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Franklin Square, Elmont residents continue to deal with Isaias' aftermath


By Melissa Koenig 


Ben Vega needs to keep his cat’s insulin cold, but he struggled to do so after his power went out during Tropical Storm Isaias last week. He kept his essential items in a cooler with ice because “there isn’t much else to do,” he said, and “with the pandemic situation    . . . it makes it harder to go to a family member’s house to ride it out.”

“It has been difficult so far,” Vega told the Herald on Aug. 6, after three days without electricity, adding that he lost a great deal of food during the outage.

He tried many times to contact PSEG via its automated systems and social media, and received a message on Thursday saying that power would not be restored to his area until Saturday.

“I know it’s an overwhelming task with weather, but PSEG took over for LIPA after the Sandy fiasco,” Vega said. “They had plenty of time to improve on that. Their communications with customers like me is horrible.”

Nearly 50,000 Long Island customers remained without power on Monday morning, according to the PSEG website, with more than 150 affected in the Franklin Square-Elmont area. The utility posted a message on its website the night prior, saying, “The backbone of the system — transmission lines and substations — has been restored, and we are hard at work restoring the distribution system that serves our neighborhoods. The damage to many of these circuits is extensive, and as these individual damage spots are assessed, estimated restoration times will be refined.”

LIPA officials said on Aug. 6 that they had hired an outside company to review PSEG’s response to Isaias, and a group of state senators called on the attorney general’s office to conduct another investigation. In a letter to Attorney General Letitia James on Aug. 5, they wrote that their offices had “been inundated with complaints from constituents who have been unable to report their outages to PSEG-LI — both via its text-in system, as well as its phone lines.”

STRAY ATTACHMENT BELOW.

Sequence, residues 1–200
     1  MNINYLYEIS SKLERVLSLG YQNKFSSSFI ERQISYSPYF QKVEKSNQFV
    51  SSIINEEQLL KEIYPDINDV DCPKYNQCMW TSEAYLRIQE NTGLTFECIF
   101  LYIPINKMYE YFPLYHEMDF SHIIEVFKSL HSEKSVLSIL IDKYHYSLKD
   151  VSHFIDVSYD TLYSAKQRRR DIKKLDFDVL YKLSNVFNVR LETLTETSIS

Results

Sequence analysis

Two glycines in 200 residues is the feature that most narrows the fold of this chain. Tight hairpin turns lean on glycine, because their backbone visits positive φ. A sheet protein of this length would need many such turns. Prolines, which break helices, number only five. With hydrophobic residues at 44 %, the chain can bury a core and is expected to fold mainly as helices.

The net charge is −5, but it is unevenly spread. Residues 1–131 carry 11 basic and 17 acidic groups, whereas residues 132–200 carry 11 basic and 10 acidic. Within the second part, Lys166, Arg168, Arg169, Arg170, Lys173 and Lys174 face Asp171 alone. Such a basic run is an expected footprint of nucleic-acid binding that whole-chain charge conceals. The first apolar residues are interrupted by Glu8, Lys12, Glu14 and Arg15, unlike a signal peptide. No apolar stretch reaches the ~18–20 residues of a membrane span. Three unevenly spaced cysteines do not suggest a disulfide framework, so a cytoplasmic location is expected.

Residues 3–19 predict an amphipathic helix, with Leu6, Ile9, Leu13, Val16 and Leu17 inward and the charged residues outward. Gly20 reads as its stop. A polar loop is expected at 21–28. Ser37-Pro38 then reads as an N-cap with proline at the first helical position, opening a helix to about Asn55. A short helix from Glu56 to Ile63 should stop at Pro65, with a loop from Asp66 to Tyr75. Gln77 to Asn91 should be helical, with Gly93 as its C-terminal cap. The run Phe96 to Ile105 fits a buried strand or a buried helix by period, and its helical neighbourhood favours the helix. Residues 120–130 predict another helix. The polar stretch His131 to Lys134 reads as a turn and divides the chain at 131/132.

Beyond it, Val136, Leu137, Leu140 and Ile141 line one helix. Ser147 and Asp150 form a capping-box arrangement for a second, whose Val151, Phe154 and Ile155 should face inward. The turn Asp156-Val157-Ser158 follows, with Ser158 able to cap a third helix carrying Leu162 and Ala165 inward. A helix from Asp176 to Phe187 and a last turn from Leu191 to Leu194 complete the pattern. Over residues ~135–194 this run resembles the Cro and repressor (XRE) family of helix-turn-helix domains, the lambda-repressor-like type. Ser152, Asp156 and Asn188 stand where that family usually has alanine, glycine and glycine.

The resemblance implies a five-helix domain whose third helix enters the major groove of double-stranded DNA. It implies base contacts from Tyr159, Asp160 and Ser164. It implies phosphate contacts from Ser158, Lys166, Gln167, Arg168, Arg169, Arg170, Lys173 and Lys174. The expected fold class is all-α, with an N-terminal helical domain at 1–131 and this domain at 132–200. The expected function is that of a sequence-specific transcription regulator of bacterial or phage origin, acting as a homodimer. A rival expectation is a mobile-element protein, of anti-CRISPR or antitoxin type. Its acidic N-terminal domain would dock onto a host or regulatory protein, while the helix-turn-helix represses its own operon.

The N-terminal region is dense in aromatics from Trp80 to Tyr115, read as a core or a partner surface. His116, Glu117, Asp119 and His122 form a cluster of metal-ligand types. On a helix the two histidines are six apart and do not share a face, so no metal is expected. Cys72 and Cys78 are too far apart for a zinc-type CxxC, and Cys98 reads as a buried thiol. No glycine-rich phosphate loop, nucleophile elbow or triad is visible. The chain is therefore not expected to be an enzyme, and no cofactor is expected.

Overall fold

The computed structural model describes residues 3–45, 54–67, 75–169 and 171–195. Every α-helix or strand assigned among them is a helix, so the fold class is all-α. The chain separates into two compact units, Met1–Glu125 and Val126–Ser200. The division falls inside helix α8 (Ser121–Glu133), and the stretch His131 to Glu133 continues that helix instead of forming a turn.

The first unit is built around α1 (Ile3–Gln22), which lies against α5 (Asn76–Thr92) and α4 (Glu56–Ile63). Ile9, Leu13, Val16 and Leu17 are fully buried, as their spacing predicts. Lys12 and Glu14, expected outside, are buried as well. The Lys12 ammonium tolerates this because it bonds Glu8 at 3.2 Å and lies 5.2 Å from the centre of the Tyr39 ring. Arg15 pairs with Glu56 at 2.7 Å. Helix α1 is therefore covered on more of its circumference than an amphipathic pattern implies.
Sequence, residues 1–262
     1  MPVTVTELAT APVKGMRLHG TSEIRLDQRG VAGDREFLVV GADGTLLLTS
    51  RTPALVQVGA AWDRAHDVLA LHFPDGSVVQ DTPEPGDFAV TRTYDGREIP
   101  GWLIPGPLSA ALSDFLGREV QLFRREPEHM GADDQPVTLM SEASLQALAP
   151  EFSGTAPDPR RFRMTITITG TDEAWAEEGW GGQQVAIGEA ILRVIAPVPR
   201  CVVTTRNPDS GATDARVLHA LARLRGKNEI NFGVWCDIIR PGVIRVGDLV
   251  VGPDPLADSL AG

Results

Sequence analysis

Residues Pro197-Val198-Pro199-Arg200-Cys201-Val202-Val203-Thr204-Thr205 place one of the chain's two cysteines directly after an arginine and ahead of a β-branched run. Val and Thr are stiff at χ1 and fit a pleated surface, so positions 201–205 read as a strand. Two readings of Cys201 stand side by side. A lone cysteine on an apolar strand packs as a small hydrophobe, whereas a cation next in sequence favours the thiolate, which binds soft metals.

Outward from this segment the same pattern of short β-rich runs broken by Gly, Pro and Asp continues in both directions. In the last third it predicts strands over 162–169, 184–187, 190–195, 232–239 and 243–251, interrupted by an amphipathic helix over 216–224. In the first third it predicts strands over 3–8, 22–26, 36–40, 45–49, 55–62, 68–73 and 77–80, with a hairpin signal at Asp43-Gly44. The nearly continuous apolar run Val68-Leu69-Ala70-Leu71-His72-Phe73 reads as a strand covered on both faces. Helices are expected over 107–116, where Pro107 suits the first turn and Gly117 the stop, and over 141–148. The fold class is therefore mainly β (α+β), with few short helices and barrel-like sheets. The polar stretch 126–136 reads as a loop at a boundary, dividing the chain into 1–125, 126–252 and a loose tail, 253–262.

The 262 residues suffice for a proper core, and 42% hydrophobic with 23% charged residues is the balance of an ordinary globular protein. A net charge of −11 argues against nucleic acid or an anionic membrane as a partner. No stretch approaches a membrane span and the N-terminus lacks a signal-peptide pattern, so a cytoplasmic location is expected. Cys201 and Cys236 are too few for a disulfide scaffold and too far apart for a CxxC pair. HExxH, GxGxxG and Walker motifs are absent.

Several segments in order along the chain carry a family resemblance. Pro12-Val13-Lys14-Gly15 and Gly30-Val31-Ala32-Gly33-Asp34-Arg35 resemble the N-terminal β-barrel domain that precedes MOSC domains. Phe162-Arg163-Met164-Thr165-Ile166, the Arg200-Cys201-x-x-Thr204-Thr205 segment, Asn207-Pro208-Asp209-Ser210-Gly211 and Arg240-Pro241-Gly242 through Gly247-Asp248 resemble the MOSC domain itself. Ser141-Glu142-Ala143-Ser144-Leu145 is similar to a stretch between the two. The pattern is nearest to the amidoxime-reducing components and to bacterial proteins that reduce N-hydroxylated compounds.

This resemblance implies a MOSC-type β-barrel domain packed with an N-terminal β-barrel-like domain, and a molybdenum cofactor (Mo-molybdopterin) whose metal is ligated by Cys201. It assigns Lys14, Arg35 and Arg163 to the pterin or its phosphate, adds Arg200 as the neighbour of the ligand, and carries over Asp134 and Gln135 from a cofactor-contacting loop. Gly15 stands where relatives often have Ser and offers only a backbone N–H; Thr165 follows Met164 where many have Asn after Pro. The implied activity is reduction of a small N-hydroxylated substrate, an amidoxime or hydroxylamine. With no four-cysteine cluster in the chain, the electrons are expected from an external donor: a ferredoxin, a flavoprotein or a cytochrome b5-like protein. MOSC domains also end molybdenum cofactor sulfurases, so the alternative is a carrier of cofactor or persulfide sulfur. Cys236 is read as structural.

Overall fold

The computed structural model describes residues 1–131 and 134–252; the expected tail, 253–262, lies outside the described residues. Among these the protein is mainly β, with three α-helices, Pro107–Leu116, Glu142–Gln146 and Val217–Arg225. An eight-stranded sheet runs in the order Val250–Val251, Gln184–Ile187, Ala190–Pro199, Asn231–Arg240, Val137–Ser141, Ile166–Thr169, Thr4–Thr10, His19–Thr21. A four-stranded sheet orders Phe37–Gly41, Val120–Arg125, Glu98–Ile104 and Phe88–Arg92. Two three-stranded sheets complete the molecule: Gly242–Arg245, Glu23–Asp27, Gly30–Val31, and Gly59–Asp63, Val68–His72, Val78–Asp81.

“This colossal communications collapse is unacceptable to hardworking PSEG-LI ratepayers, many of whom were seeking to report the dangerous situations created by downed power lines and live wires,” the letter — signed by Senators Todd Kaminsky, John Brooks, Anna Kaplan, Kevin Thomas, James Gaughran and Monica Martinez — stated, noting that the “communication breakdown” placed critical-care patients at risk because they might rely on electricity to power life-support machines or to refrigerate their medicine.

“It is unconscionable,” the letter continued, “that our utilities’ communications services left Long Islanders without the ability to report dangerous situations or make informed decisions around restoration times, especially during a pandemic when many residents are working from home and may face further economic hardships from an extended power outage.”

Assemblywoman Michaelle Solages, a Democrat from Elmont, said in a statement that the utility had enough time to formulate a response plan before the storm.

“This has been a disappointing experience with PSEG,” she said. “We need answers in regards to what went wrong, and how they will improve moving forward.”

Isaias rolled through Nassau County on Aug. 4 with sustained winds in the 30 to 50mph range — with some gusts in excess of 70 miles per hour. It shut down Long Island Rail Road service throughout the afternoon, and tore down more than 1,000 trees and some 338 electric and phone wires.

In Franklin Square, Angela Pedone said she was fortunate she went to the bank during the storm, because when she returned to her house on Washington Street, she found her next-door neighbor’s tree had fallen into her driveway.

“Thank God I wasn’t home,” she said, “because I have a new car, and it’s a lease.”

Her neighbors removed the limbs from her driveway and cut them up into smaller chunks by the next morning, when, she said, several neighbors drove by to assess the storm’s damage.

“Nobody got hurt,” she told passersby, “so we’re lucky.”

Elsewhere, streets were blocked off or partially obstructed by downed trees and limbs.  Anyone trying to turn onto Fenworth Boulevard from Dogwood Avenue quickly realized they had to turn around because a portion of the road, near Wesley United Methodist Church, was roped off so PSEG-Long Island crews could remove a tree caught in a power line.

The Elmont Fire Department also received many calls after the storm, according to Commissioner Ralph Esposito, with power outages reported throughout the area. “These guys went above and beyond,” Esposito said of Elmont’s firefighters. “Everyone from the janitors to the chiefs was working.”

He added that he is proud to live in Elmont, where he offered to store food for his neighbors whose electricity went out. “We’re one family in our community,” he said. “It’s a beautiful thing.”

Scott Brinton contributed to this story.